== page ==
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Review: When quad-cores collide: AMD Phenom 9600 vs Intel Core 2 Quad Q6600

by Tarinder Sandhu on 19 November 2007, 11:31

Tags: Core 2 Quad Q6600, Phenom X4 9600, Intel (NASDAQ:INTC), AMD (NYSE:AMD), PC

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Memory analysis and HEXUS.PiFast

Purely a synthetic benchmark that gives us an inkling in to how efficient the processors' memory-controller is at streaming data, we see that the Phenom lags significantly behind the Athlon 64 X2 6400+ and only just ahead of the Intel Core 2 Quad Q6600.

We're adamant that the comparatively poor performance is due to way in which the benchmark interprets the un-ganging of the memory controllers along with the fact that the MSI 790FX board had to be run with DDR2-800 memory.

Memory-access latency, a long-held virtue of AMD CPUs, again looks comparatively poor, contradicting all we've stated about the new architecture's improved pre-fetching design. Note, though, it's another synthetic benchmark that doesn't represent real-world performance.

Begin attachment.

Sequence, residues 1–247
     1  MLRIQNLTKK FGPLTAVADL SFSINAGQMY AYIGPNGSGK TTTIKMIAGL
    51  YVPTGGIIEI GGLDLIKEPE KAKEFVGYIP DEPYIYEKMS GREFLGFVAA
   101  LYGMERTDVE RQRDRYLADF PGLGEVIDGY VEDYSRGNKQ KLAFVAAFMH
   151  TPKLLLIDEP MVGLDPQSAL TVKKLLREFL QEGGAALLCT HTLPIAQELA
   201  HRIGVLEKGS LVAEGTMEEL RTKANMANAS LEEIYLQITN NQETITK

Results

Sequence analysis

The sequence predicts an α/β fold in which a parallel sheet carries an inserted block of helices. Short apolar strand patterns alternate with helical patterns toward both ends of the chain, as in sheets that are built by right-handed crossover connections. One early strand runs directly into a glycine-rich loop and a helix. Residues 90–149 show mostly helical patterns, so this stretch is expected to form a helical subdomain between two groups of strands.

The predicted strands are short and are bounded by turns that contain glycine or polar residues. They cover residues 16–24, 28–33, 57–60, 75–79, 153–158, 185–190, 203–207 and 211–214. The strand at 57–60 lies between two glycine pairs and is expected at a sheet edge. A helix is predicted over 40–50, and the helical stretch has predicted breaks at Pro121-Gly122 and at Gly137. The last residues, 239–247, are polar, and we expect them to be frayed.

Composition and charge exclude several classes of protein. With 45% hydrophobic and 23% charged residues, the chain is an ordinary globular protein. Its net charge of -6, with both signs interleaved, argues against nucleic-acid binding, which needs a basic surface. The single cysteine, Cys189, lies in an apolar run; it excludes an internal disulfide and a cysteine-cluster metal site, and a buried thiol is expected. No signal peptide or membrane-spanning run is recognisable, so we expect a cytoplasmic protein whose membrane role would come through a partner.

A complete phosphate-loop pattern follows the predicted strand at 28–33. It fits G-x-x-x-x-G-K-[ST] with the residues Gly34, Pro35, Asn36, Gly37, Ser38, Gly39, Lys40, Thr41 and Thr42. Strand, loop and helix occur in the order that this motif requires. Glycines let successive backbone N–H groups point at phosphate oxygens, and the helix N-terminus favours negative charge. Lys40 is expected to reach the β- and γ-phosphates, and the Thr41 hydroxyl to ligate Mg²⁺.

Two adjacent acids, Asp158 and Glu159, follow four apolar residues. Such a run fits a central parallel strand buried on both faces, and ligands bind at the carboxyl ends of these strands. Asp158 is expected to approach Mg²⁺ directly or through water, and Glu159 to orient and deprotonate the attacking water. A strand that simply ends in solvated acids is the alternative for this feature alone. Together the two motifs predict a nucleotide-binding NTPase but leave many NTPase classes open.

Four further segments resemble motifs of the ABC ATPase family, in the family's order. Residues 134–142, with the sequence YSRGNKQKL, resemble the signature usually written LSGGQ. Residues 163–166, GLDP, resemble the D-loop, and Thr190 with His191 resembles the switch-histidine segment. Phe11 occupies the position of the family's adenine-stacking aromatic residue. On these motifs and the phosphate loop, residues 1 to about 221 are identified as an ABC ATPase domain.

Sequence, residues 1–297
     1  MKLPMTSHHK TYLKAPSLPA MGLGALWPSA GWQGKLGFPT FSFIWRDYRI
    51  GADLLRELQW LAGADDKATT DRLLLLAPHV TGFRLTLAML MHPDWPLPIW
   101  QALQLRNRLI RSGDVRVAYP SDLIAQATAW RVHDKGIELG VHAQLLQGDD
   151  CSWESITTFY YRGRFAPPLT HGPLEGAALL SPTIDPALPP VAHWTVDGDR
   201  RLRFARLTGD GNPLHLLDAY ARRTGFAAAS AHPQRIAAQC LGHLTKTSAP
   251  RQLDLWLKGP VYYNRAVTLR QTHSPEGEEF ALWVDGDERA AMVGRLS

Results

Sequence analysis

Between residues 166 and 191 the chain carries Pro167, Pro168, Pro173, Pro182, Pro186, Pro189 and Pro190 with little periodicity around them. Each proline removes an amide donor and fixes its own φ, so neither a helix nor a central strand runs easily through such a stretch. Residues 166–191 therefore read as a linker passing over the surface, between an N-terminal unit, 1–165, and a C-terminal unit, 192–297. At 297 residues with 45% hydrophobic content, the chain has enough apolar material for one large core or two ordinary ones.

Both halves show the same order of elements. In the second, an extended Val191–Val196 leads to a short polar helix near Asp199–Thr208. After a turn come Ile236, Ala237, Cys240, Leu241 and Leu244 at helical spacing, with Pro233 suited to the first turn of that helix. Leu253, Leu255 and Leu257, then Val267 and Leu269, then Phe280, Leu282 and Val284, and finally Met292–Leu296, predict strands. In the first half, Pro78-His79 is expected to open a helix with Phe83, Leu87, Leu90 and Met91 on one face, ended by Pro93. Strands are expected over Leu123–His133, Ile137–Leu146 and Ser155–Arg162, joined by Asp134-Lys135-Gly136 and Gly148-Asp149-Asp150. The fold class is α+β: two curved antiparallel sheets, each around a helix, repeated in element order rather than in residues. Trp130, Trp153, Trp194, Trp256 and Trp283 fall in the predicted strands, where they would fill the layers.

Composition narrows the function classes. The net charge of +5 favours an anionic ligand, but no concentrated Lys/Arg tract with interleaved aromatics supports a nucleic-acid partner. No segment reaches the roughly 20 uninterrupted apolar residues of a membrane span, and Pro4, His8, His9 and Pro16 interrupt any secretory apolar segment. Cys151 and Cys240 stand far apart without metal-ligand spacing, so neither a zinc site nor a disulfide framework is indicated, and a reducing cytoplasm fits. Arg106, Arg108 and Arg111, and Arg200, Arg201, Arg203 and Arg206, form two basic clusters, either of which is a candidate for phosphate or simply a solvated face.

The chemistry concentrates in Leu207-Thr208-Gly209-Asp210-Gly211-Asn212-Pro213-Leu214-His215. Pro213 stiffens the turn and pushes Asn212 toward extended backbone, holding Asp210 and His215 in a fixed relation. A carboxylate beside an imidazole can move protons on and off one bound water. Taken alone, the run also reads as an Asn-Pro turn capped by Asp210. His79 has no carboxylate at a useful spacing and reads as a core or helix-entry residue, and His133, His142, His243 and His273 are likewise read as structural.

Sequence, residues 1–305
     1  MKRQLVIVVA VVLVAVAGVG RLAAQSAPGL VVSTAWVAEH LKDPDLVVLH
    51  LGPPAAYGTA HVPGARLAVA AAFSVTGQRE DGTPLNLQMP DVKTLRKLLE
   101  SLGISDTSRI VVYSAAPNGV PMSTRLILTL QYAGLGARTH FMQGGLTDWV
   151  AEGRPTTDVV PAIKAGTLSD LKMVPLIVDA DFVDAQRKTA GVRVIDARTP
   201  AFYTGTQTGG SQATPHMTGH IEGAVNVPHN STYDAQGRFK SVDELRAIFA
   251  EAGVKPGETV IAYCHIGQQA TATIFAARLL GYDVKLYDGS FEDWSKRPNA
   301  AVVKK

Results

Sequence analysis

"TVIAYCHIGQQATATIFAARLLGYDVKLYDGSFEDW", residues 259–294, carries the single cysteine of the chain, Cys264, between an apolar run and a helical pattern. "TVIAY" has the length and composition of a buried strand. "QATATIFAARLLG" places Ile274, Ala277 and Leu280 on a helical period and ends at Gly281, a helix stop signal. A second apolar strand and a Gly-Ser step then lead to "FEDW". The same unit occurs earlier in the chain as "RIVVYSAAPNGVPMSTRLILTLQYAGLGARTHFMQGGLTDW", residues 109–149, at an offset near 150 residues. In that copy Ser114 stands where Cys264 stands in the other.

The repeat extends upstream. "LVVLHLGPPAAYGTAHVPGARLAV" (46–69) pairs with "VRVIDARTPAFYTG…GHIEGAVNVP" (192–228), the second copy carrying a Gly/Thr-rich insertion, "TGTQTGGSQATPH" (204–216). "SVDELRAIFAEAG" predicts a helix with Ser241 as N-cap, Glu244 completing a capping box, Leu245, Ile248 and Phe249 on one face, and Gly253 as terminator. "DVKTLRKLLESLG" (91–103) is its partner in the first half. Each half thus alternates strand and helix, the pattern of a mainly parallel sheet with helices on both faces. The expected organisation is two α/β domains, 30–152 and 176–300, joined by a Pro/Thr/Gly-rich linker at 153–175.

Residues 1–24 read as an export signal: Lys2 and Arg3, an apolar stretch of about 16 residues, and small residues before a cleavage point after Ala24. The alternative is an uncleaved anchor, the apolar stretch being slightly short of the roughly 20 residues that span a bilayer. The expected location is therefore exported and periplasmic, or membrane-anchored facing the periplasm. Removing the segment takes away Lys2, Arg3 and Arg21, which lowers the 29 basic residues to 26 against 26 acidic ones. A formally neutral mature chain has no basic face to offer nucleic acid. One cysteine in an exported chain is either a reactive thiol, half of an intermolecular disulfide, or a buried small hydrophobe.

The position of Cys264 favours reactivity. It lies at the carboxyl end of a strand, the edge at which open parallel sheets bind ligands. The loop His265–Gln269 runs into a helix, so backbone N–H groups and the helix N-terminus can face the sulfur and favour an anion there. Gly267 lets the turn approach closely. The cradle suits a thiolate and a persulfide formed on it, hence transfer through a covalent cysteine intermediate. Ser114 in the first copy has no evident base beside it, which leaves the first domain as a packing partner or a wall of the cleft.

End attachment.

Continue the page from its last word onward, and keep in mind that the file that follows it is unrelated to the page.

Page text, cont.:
Putting it all together and running our single-threaded HEXUS.PiFast test, we see that it takes a 3.2GHz Athlon 64 to match the Intel Core 2 Quad's performance. What's particularly telling is just how slow the Phenom 9600 is. Remember, it's operating at almost the same frequency as the Intel CPU.

Possible explanations for sub-par single-threaded performance? Our engineering-sample Phenom and early 790FX chipset BIOS may not be indicative of optimised performance, of course, but it's hard to dismiss and explain away such a shortcoming on production issues. Rather, the Intel Core 2 Quad's four-issue width plays a pivotal role in explaining the significant delta.